Workshop: Words and Pictures: Poetry and Mobile Phones – Report

Thursday 24 September 2015 4:40pm by Dr Becky Parry


Rosa Ferro, Artistic Director, Il Nuovo Fantarca (Italy)

Giacomo Verde, cross media artist and director of ‘Video Poetry Cell’ project (Italy)

Il Nuovo Fantarca is a social cooperative working in media studies and video art, and they run a writing workshop exploring the creative possibilities of shooting first, scripting later, using phones and free downloadable film-making programmes.

After general introductions to the background and the development of the project, Rosa outlined its aspirations to bring mobile phones and poetry together in work with young people.

Rosa referred to the banning of the mobile phone in schools but that smart phones are just tools and if schools forbid them teachers will never understand their value to young people.

Young people use language differently when they text. Rosa is concerned that the Italian language will be lost so an aim of the project was to use language in a different way.

Teachers have told Rosa that poetry is difficult for teenagers, especially for those who are disengaged or no longer attend school. So this became another aim of the project.

The examples shown demonstrated how using images in this way can help young people begin to engage more with symbolism.

Rosa used visual material (slides) to describe her pedagogical aims and approach.

Rosa emphasised that the mobile film poems were not necessarily narrative and this created a space for a different aesthetic, perhaps more consistent with young people’s home mobile phone use, combining the poem with music and moving images. They edited the films within their phones.

Very interestingly, Rosa stressed the need to stand back from teaching and let young people learn for themselves – not to tell them too much but make the experience playful, and not worry too much about teaching film language.

Rosa observed that this approach can disrupt the authority or power of the teacher but is worth pursuing.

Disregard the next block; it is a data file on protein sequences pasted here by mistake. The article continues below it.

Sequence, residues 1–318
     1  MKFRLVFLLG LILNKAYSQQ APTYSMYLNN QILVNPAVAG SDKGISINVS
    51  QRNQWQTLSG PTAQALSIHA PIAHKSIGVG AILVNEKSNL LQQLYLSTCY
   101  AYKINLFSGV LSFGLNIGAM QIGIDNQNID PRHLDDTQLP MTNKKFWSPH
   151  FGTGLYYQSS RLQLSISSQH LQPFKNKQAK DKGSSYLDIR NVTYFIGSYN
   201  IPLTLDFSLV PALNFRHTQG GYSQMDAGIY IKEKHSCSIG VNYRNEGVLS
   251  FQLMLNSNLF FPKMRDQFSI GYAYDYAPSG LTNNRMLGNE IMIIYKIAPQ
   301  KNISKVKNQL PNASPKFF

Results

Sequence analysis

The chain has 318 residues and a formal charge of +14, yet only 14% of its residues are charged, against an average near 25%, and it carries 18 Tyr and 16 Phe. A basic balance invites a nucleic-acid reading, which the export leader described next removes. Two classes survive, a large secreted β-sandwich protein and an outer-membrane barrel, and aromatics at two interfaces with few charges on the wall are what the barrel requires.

The production activity is followed up by a written composition activity which attempts to enable the students to transfer their new meaning-making skills.

_DSC4691Delegates were invited to participate in a practical activity to give them a better sense of the project. This involved suggestions of words or phrases to accompany the images.  Rosa and Giacomo entered the words into the software to demonstrate how the young people had worked. Delegates tentatively tried out the approach and the value of the collaborative nature of the activity became more apparent. A poem was jointly written to accompany a very short film clip of two girls skateboarding. Contributors to the poem became increasingly vocal and the process gained momentum.

One of the delegates wanted to voice her own version of the poem, mirroring perhaps the engagement of the students as they become increasingly invested in the choices of language being made.

The films made by the students were then shown, demonstrating how they had designed the words in tune with with the moving image to add meaning even further.

Rosa left us with the thought that the whole process offered young people a different way to show how they understand the world. What is more, that those young people from disadvantaged backgrounds made films were just as creative and beautiful as any other students. The speakers both shared their surprise at how well the young people responded but even more – how surprised the teachers were. One teacher commented: “the students’ language was always there.”


Dr Becky Parry

Lecturer, Education and Childhood Studies, University of Leeds
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